“The ideal citizens,” Huckfeldt writes, “…are those individuals who are able to occupy the roles of tolerant gladiators – combatants with the capacity to recognize and respect the rights and responsibilities of their political adversaries” (Huckfeldt, Mendez, & Osborn, 2004). While this image of powerful citizens locked in gentlemanly conflict is perhaps more startling than most, it fits well within the broader normative framework of deliberation. Citizens and theorists looking to design ideal democratic systems are quickly confronted by two powerful countervailing forces: diversity, it appears, is both significantly beneficial and, unfortunately, difficult to achieve. Huckfeldt’s tolerant gladiator offers a potential poultice for this problem – a path which allows equally for vigorous debate and the highest cordiality. Citizenship, under this definition, is a Socratic sport; you spar with your strongest arguments, but only in service to the higher calling of Truth.
In perhaps less colorful terms, Mutz describes the role of deliberative citizen as requiring restraint. People should certainly engage in ‘cross-cutting’ political dialogue, but they should not engage with the full-hearted gusto suggested by Huckfeldt. Instead, “discussants must at times refrain from saying all they could say in the interests of smooth social interaction” (Mutz, 2002). While Huckfeldt envisions impassioned debates where participants – whether ultimately agreeing or not – are brought closer together through the experience of discussion, Mutz concedes softly that for social lives to function discussants must “agree to disagree.”
This view is supported by Mutz’s empirical work on deliberation. If, as she finds, the beneficial impact of exposure to cross-cutting views comes primarily from familiarizing participants with “legitimate rationales for opposing viewpoints,” then a good deliberator should not be an outspoken gladiator, but rather a respectful listener. Danielle Allen similarly argues that ideal citizens must share a sense of ‘democratic friendship’ (Allen, 2009). Just as Mutz finds that the social constraint of workplaces creates an ideal setting for cross-cutting political dialogue (Mutz & Mondak, 2006), Allen argues that similar constraints face society as a whole. On the micro-level, we may self-sort into homophilous neighborhoods and institutions, but on the macro-level we are all just as stuck with each other as coworkers. Citizens don’t have to like everyone they interact with, but they do have to extend basic courtesy and respect, forging bonds of ‘democratic friendship’ analogous to the friendship they find with colleagues.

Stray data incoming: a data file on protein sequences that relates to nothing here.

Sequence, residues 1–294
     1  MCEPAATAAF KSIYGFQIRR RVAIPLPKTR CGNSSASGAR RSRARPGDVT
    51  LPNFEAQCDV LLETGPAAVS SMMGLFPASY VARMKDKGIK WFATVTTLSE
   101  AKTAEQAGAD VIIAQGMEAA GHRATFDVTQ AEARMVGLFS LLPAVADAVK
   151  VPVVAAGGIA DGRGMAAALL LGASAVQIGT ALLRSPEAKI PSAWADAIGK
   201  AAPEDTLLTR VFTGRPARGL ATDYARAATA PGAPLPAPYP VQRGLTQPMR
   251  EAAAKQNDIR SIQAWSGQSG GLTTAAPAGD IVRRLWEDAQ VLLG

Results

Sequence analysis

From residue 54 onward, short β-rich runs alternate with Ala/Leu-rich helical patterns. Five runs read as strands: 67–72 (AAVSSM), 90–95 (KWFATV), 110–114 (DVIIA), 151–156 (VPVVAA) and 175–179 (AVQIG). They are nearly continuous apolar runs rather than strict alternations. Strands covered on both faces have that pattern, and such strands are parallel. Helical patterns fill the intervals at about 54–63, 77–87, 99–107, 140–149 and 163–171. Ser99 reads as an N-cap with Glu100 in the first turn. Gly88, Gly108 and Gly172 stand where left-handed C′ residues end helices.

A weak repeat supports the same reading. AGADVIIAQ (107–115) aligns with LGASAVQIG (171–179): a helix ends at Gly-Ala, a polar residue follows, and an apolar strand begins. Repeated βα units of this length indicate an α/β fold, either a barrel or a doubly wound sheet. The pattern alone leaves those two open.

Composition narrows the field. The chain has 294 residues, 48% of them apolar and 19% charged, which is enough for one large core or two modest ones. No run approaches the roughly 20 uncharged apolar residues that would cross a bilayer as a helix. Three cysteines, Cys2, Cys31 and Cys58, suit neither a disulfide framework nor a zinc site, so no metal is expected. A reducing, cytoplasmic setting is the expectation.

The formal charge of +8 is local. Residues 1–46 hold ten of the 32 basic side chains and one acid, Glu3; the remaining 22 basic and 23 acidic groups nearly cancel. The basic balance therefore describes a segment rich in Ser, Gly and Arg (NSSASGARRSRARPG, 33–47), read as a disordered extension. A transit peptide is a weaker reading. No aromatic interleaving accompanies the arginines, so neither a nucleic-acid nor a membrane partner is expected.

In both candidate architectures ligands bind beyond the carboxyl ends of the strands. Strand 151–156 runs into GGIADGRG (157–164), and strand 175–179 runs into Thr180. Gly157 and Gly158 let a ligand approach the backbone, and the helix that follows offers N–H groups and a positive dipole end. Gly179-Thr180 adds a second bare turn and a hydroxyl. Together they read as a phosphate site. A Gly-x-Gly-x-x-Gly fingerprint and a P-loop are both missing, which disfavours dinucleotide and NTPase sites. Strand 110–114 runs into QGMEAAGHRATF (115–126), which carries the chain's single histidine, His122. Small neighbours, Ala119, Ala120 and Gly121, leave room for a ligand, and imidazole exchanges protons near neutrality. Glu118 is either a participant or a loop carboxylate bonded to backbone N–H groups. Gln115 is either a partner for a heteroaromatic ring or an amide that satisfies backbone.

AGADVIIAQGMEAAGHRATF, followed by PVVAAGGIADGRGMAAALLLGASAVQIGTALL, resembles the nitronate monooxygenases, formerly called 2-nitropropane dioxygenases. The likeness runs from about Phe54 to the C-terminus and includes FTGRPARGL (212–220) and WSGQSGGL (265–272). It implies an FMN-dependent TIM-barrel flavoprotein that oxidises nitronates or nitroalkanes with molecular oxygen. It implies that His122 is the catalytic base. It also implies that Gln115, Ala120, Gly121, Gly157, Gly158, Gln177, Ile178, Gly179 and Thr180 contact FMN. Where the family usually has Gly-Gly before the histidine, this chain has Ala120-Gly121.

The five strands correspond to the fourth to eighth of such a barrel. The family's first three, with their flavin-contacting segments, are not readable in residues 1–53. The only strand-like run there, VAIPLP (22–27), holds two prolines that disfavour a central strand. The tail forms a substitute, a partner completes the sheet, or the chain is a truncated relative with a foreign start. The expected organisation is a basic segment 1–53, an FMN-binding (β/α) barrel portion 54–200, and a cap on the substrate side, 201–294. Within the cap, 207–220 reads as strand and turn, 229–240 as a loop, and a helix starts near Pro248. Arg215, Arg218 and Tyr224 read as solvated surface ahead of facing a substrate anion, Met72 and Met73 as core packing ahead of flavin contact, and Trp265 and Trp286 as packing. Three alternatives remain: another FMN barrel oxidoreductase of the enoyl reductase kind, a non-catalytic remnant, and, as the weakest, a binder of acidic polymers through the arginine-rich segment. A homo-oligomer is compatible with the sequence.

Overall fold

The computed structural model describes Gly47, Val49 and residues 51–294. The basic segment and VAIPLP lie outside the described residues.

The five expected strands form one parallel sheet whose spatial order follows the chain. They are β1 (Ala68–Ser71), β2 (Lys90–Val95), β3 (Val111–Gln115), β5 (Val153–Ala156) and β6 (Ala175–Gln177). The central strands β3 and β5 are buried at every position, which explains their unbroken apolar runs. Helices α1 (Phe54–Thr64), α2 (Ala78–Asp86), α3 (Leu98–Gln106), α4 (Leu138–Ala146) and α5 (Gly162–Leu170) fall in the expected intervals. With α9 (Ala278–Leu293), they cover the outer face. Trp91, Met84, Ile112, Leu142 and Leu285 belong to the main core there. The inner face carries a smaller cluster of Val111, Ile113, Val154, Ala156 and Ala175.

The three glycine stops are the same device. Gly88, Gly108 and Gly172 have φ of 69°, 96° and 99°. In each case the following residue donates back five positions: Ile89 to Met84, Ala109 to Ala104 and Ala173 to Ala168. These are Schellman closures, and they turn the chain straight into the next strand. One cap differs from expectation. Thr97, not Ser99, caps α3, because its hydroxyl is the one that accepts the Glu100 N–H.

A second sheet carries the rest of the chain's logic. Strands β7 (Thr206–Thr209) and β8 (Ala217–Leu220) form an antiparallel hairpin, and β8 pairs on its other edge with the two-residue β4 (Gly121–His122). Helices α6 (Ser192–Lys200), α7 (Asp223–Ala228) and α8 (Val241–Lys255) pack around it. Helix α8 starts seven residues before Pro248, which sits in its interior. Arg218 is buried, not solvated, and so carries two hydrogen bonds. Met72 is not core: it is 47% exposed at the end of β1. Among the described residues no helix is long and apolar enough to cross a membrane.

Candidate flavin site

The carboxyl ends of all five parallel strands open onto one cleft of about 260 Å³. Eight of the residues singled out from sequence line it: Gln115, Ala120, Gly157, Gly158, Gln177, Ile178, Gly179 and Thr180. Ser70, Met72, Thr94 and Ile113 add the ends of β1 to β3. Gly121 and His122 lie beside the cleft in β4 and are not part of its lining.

While Mutz finds that exposure to diverse perspectives does not play a significant role in deepening a person’s knowledge of their own position, Huckfeldt finds the opposite: political conversations do “enhance the capacity of citizens to provide reasons for their support of a particular candidate” (Huckfeldt et al., 2004). Furthermore, political diversity does not create a paralyzing ambivalence but rather reduces the potential for extreme polarization. Citizens exposed to heterogeneous messages are “more likely to develop an attitude toward the candidate that incorporates positive and negative assessments.” Ultimately, such exposure may reduce “enthusiasm for the campaign” but does not depress turnout or “encourage people to back away from their commitments as citizens.”